Monday, March 14, 2011

rsyslog and grsecurity (Ubuntu 10.04)

Selecting grsecurity's "Proc restrictions" might possibly break few things. One of these things is rsyslog kernel logging capability. Upon booting this message would show up in my kern.log:

kernel: imklog: Cannot read proc file system, 1.

One way to solve this problem is to assign rsyslog to a special group (defined during the kernel configuration phase) which members are able to view all processes, network-related information, and kernel and symbol information.

I do not like to give rsyslog root privileges (albeit read-only) over the proc file system, so I started digging the net and I have found this article outlining an elegant solution to a bug which essentially causes the same problem I am having: rsyslog cannot access /proc/kmsg.

For my future reference I will replicate the solution given. In summary, we are going to pipe messages from /proc/kmsg (which we do not have permission to see) to a directory fully owned by rsyslog. The magic is done by the configuration file shown below.

Create a file named rsyslog-kmsg.conf in /etc/init/ and copy the text below.

# rsyslog-kmsg - feed /proc/kmsg into rsyslog
# This service is used to feed output from /proc/kmsg into rsyslog so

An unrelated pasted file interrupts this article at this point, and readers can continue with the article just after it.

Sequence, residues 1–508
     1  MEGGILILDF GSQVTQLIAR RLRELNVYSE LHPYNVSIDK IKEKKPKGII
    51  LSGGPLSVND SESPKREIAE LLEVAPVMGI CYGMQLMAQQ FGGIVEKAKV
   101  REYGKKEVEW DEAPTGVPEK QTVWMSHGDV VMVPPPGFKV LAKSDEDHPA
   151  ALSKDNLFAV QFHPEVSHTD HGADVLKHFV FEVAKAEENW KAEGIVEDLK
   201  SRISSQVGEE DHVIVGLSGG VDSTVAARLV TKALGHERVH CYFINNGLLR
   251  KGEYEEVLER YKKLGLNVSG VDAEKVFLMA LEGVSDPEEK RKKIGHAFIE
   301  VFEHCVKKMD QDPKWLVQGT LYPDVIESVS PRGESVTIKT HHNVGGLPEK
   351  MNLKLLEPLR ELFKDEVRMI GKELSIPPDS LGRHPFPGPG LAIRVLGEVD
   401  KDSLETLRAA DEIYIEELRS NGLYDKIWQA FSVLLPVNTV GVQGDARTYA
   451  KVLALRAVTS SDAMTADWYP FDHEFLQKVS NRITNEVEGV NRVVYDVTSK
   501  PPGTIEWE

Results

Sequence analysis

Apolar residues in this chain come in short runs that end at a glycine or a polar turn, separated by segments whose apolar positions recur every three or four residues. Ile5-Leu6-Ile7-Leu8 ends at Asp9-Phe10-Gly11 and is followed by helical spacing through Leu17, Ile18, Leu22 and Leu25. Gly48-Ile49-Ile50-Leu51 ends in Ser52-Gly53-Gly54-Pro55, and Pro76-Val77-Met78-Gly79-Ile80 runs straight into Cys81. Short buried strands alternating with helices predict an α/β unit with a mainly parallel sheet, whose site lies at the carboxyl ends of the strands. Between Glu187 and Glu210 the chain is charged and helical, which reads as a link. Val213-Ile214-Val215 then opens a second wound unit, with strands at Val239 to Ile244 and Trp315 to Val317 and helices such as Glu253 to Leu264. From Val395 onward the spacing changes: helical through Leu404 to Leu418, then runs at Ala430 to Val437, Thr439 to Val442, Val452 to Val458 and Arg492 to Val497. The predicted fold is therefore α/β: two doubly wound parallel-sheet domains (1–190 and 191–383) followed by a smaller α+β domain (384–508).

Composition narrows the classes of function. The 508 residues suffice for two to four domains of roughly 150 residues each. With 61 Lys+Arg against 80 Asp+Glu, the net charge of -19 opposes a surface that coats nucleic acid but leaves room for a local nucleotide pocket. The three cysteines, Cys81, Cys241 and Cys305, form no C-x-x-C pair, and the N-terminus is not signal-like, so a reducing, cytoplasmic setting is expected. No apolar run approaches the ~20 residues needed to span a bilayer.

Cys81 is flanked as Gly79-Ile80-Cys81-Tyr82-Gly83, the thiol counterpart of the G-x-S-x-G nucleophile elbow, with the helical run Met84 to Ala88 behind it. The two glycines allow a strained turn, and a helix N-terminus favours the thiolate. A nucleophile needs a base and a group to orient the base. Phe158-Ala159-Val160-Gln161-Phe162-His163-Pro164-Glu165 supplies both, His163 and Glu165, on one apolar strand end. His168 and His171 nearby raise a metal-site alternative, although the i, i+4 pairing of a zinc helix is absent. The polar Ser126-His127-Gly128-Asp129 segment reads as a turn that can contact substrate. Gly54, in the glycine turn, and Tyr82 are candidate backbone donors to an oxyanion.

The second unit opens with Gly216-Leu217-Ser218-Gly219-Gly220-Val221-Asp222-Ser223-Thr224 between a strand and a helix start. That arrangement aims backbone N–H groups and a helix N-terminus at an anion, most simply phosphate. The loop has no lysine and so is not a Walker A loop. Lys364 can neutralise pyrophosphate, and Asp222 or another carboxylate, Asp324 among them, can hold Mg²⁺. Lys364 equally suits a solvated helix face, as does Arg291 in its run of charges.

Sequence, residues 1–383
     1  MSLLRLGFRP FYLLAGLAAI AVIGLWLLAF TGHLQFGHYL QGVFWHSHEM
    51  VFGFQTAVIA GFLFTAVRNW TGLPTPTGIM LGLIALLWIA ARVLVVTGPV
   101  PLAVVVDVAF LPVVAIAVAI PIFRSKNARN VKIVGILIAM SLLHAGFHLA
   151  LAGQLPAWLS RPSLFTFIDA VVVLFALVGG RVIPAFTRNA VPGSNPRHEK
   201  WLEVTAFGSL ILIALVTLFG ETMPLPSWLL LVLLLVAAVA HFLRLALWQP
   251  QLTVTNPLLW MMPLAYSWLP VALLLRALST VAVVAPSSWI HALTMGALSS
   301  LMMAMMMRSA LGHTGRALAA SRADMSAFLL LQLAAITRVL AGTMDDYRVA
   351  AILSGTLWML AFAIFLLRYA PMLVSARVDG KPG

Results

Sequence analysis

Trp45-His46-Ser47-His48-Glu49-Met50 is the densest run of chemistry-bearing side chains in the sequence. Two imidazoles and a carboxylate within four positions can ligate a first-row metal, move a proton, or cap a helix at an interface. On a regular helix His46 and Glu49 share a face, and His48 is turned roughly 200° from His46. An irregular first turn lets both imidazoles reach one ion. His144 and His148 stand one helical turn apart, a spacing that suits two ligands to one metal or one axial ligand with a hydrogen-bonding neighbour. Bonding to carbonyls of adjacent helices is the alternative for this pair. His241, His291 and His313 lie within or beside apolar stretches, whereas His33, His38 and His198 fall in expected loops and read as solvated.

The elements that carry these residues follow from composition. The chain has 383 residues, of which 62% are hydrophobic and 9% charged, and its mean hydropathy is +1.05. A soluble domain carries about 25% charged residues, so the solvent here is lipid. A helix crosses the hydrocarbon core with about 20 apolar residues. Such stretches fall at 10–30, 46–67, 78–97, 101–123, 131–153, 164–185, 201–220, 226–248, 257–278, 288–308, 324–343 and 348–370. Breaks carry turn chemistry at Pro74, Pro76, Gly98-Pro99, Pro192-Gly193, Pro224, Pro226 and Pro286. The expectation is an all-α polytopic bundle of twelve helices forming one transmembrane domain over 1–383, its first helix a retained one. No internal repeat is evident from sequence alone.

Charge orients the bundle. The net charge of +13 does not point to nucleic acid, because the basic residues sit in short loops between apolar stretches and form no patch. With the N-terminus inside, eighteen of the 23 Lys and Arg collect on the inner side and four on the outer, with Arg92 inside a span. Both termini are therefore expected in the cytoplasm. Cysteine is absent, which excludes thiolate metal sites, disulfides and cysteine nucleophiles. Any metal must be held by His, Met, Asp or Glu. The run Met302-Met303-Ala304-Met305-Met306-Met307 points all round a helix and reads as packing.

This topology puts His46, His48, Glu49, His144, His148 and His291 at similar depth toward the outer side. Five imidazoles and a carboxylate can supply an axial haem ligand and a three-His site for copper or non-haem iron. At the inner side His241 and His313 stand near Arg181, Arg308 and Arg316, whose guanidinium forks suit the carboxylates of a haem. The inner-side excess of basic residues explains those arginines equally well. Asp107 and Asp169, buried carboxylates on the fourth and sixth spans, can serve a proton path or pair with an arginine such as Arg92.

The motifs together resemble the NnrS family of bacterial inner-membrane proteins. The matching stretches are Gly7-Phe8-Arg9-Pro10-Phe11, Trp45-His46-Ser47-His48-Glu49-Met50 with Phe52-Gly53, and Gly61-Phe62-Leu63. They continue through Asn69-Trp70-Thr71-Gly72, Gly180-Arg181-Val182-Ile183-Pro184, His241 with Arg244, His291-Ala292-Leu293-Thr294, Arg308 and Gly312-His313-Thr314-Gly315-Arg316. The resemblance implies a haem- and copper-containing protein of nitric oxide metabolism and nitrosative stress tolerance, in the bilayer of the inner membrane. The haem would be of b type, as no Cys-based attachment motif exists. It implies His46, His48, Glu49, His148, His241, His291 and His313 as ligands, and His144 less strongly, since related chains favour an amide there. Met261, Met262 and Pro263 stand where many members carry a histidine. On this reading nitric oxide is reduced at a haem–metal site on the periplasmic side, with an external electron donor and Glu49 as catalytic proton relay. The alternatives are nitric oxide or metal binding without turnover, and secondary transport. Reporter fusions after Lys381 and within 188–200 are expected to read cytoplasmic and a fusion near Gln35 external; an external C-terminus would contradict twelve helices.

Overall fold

# it does not need to be privileged.

description "feed /proc/kmsg into rsyslog"

start on starting rsyslog
stop on stopped rsyslog


pre-start script
  mkdir -p /var/run/rsyslog
  chown syslog:syslog /var/run/rsyslog

  [ -e /var/run/rsyslog/kmsg ] || mkfifo -m 600 /var/run/rsyslog/kmsg 
  chown syslog:syslog /var/run/rsyslog/kmsg
end script

exec dd bs=1 if=/proc/kmsg of=/var/run/rsyslog/kmsg

post-stop script
  rm /var/run/rsyslog/kmsg
end script

Call rsyslog-kmsg using the upstart-job mechanism:

# ln -s /lib/init/upstart-job /etc/init.d/rsyslog-kmsg

Change in /etc/rsyslog.conf the value of $KLogPath from /proc/kmsg (borked) to /var/run/rsyslog/kmsg (that we defined in the config file.)

# vi /etc/rsyslog.conf
$KLogPath /var/run/rsyslog/kmsg #changed from /proc/kmsg

Then restart rsyslog:

# restart rsyslog

Everything should work now. Check by tailing kern.log and verifying that something has been written there.

# tail /var/log/kern.log


1 comment:

  1. Hi Dako,
    Thank you for re-posting this solution (I couldn't access the original). It worked a treat for me on Ubuntu 11.10.